Have we not for years had before our eyes a sample of their designs, and are they not sufficient harbingers of their future determinations? Will we not soon be driven from our respective countries and the graves of our ancestors? Will not the bones of our dead be plowed up, and their graves be turned into fields? Shall we calmly wait until they become so numerous that we will no longer be able to resist oppression? Will we wait to be destroyed in our turn, without making an effort worthy of our race? Shall we give up our homes, our country, bequeathed to us by the Great Spirit, the graves of our dead, and everything that is dear and sacred to us, without a struggle? I know you will cry with me: Never! Never! Then let us by unity of action destroy them all, which we now can do, or drive them back whence they came. War or extermination is now our only choice. Which do you choose? I know your answer. Therefore, I now call on you, brave Choctaws and Chickasaws, to assist in the just cause of liberating our race from the grasp of our faithless invaders and heartless oppressors. The white usurpation in our common country must be stopped, or we, its rightful owners, be forever destroyed and wiped out as a race of people. I am now at the head of many warriors backed by the strong arm of English soldiers. Choctaws and Chickasaws, you have too long borne with grievous usurpation inflicted by the arrogant Americans. Be no longer their dupes. If there be one here tonight who believes that his rights will not sooner or later be taken from him by the avaricious American pale-faces, his ignorance ought to excite pity, for he knows little of the character of our common foe.

And if there be one among you mad enough to undervalue the growing power of the white race among us, let him tremble in considering the fearful woes he will bring down upon our entire race, if by his criminal indifference he assists the designs of our common enemy against our common country. Then listen to the voice of duty, of honor, of nature and of your endangered country. Let us form one body, one heart, and defend to the last warrior our country, our homes, our liberty, and the graves of our fathers.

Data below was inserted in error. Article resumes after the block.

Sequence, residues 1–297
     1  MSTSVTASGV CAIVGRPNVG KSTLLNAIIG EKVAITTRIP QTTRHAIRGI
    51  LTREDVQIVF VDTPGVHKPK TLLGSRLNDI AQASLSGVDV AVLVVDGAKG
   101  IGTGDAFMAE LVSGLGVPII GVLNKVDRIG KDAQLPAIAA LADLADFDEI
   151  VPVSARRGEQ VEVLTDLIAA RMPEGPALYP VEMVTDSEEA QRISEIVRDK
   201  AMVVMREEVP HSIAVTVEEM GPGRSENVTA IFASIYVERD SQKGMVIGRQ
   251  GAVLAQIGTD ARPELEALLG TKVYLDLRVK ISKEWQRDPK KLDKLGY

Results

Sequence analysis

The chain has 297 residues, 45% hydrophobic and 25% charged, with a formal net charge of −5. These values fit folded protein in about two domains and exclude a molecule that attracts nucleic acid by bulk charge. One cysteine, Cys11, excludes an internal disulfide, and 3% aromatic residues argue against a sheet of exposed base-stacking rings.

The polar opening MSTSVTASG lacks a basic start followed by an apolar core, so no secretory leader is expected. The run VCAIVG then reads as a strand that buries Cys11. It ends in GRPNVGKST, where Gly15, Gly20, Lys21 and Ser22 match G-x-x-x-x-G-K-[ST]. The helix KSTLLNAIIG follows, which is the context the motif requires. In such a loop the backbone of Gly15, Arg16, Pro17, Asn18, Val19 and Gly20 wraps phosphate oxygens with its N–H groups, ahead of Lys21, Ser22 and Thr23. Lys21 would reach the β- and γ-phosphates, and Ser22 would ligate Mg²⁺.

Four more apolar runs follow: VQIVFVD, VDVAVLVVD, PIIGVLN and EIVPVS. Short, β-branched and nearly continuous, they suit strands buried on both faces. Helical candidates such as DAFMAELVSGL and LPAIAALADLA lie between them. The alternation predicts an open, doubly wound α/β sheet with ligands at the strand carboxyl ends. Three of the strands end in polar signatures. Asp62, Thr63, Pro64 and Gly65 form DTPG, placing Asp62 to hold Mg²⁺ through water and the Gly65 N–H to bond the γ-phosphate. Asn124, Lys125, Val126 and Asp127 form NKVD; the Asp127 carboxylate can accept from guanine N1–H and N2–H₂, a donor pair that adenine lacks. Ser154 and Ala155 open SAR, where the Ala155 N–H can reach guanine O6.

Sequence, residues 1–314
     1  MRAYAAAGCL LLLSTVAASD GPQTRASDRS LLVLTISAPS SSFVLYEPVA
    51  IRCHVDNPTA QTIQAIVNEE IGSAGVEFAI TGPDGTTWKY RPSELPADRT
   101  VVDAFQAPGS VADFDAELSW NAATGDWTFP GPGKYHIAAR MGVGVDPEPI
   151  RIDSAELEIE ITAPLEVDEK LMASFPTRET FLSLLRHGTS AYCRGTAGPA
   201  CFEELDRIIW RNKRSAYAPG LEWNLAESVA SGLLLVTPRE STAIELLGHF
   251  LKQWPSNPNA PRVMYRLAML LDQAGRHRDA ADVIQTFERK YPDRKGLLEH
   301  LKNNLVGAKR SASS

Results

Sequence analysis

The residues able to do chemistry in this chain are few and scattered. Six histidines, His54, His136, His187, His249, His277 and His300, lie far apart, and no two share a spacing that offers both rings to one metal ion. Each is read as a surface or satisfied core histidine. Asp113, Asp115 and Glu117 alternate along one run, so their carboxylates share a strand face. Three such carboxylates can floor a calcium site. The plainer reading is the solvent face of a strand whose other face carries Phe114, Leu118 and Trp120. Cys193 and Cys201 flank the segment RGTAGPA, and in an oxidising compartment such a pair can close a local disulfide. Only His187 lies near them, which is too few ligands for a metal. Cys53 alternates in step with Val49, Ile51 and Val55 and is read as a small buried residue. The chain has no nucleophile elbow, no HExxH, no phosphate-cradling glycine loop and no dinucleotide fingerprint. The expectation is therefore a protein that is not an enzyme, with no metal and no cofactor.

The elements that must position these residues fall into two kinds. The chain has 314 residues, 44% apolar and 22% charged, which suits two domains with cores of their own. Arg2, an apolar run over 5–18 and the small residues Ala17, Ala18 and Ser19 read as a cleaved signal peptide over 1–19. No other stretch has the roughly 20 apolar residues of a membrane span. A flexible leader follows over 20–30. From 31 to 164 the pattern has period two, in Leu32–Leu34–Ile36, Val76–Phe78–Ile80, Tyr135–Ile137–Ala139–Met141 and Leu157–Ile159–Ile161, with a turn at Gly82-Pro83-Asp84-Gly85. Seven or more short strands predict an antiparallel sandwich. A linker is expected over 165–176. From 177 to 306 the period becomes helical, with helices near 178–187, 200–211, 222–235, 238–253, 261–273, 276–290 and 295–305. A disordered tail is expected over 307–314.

Choctaws and Chickasaws, you are among the few of our race who sit indolently at ease. You have indeed enjoyed the reputation of being brave, but will you be indebted for it more from report than fact? Will you let the whites encroach upon your domains even to your very door before you will assert your rights in resistance? Let no one in this council imagine that I speak more from malice against the paleface Americans than just grounds of complaint. Complaint is just toward friends who have failed in their duty; accusation is against enemies guilty of injustice. And surely, if any people ever had, we have good and just reasons to believe we have ample grounds to accuse the Americans of injustice; especially when such great acts of injustice have been committed by them upon our race, of which they seem to have no manner of regard, or even to reflect. They are a people fond of innovations, quick to contrive and quick to put their schemes into effectual execution no matter how great the wrong and injury to us; while we are content to preserve what we already have. Their designs are to enlarge their possessions by taking yours in turn; and will you, can you longer dally, O Choctaws and Chickasaws?

Do you imagine that that people will not continue longest in the enjoyment of peace who timely prepare to vindicate themselves, and manifest a determined resolution to do themselves right whenever they are wronged? Far otherwise. Then haste to the relief of our common cause, as by consanguinity of blood you are bound; lest the day be not far distant when you will be left single-handed and alone to the cruel mercy of our most inveterate foe.